Studies undertaken in the Hawkesbury River have indicated that temperature is an important factor in determining the end of the window of infection. In that estuary, no new infections occurred at water temperatures below 21.5°C (Rubio et al 2013). In the Hawkesbury River the window of infection is known to conclude by the end of April. It is important to note that oysters infected during the window of infection can continue to die slowly even at lower water temperatures and mortality may persist at different areas within an estuary for up to nine months.
Marteliasydneyihas a lifecycle that involves at least two hosts and cannot be passed directly from one oyster to another.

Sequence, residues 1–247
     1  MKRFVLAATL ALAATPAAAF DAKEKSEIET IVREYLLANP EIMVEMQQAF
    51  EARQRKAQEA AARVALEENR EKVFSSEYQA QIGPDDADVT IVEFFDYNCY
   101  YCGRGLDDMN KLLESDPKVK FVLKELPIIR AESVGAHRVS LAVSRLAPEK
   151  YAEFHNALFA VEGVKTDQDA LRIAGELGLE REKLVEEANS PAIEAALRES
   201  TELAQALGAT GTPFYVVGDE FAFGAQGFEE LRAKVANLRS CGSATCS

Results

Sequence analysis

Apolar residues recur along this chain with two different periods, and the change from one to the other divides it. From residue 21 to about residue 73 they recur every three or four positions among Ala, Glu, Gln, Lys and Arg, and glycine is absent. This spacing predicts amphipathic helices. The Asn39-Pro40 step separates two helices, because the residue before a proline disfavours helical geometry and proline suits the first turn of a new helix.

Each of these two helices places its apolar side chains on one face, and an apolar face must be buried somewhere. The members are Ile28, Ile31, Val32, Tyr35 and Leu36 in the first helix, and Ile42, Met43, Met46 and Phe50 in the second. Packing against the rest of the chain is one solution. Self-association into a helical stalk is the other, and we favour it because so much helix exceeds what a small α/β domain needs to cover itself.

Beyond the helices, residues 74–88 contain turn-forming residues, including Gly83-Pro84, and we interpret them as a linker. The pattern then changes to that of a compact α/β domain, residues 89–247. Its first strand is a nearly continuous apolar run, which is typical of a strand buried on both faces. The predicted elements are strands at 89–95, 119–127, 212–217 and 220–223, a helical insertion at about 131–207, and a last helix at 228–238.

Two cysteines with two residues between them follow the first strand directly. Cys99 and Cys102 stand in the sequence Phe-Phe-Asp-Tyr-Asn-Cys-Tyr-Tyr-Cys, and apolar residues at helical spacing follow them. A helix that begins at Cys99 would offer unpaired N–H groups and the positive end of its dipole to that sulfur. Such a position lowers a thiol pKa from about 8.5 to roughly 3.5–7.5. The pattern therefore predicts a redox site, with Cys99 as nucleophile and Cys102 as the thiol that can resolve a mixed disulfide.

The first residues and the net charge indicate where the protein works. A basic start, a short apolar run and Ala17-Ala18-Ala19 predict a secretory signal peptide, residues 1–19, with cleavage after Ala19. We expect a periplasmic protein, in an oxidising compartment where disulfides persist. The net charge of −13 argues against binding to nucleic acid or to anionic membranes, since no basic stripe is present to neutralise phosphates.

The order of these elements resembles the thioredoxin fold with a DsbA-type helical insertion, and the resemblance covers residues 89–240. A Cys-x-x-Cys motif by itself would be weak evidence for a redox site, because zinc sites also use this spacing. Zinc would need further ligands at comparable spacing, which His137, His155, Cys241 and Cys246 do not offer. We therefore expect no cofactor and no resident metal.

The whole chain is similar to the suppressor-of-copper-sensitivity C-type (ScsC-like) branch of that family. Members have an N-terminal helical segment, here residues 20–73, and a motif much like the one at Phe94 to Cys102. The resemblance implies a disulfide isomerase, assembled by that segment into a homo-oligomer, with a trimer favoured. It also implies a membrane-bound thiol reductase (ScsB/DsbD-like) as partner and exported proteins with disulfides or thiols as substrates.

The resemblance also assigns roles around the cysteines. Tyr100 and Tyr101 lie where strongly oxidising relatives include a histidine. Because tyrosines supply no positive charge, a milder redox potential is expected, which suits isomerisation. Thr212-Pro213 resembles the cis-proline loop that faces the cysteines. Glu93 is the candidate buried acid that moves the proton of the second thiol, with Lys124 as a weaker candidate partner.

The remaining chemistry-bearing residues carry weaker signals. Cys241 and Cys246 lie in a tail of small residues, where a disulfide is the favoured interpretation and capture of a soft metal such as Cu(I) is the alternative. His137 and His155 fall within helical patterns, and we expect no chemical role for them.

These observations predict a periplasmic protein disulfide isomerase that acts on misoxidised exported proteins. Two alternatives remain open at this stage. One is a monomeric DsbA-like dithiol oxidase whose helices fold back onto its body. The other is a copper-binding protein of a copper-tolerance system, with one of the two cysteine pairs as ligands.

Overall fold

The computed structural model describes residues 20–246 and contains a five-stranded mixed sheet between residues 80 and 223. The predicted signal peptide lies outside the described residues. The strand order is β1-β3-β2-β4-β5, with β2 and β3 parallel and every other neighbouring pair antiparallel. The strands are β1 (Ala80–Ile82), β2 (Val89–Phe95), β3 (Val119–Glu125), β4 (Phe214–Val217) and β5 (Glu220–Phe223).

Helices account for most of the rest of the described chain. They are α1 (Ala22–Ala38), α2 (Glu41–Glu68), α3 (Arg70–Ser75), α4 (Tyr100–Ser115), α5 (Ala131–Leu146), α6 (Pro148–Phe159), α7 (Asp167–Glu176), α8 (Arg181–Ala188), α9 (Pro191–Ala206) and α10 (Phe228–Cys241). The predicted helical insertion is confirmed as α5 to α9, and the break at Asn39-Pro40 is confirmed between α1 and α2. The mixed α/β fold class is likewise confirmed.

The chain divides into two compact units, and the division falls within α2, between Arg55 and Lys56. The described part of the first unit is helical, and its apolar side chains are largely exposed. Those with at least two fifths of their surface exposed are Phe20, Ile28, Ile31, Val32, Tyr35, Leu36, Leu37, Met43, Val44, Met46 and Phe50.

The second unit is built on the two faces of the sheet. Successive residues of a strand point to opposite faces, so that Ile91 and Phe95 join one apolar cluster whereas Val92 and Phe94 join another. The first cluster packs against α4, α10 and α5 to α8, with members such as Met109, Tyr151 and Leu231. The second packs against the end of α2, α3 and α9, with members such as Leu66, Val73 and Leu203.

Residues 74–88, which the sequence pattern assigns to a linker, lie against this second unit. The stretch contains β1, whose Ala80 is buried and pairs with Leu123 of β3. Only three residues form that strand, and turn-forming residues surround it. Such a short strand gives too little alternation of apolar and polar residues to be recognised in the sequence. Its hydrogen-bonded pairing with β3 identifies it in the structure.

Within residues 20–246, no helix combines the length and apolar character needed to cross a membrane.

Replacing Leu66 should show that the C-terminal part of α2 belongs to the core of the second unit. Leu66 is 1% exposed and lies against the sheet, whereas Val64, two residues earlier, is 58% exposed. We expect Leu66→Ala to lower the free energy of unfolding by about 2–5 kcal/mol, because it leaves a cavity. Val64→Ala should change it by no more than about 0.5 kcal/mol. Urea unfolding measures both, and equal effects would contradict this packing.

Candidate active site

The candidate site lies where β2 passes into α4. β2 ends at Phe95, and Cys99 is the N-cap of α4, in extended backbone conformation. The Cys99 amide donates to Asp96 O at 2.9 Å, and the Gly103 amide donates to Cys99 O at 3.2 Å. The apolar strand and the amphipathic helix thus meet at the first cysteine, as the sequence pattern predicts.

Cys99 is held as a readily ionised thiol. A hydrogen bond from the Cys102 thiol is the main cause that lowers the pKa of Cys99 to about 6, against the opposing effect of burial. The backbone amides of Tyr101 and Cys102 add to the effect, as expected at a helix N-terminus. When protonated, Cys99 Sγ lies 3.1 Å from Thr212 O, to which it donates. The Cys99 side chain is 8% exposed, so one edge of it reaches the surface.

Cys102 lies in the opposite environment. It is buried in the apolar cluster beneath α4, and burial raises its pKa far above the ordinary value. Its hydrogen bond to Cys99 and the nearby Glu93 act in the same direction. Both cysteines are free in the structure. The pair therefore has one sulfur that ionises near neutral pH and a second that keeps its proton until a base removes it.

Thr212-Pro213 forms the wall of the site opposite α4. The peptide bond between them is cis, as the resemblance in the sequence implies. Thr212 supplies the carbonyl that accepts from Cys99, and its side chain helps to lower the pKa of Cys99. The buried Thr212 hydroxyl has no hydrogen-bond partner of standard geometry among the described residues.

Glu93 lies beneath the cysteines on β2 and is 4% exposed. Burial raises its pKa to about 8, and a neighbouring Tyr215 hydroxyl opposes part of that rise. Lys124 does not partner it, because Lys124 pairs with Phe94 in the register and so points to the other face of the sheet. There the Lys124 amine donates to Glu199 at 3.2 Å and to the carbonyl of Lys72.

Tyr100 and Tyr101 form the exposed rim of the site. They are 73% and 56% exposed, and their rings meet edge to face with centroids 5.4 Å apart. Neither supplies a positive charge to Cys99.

The parasite enters the soft tissue of Sydney Rock Oyster through its gills and palps (near the oyster's mouth). If it progresses to cause disease, the parasite divides and proliferates. It then migrates to the digestive gland which surrounds the oyster intestine. There it undergoes further development and multiplication to produce spores (sporulation), the end-stage of infection in oysters. Sporulation damages the digestive gland of the oyster, resulting in starvation and eventual death of the oyster. Time from infection until death can vary between several weeks to several months. Affected oysters can be in poor condition and appear translucent or “watery”. The digestive gland can also appear to be a light tan colour instead of the usual dark brown. Prior to death of the oyster, the spores are released into the environment where they are taken up by alternate host(s) required in the life cycle of QX. The identity of the alternate host(s) has not been confirmed, but there is evidence suggesting that a polychaete worm (Nephtys australiensis) could play a role as a host in the development of the parasite. (Adlard and Nolan, 2015).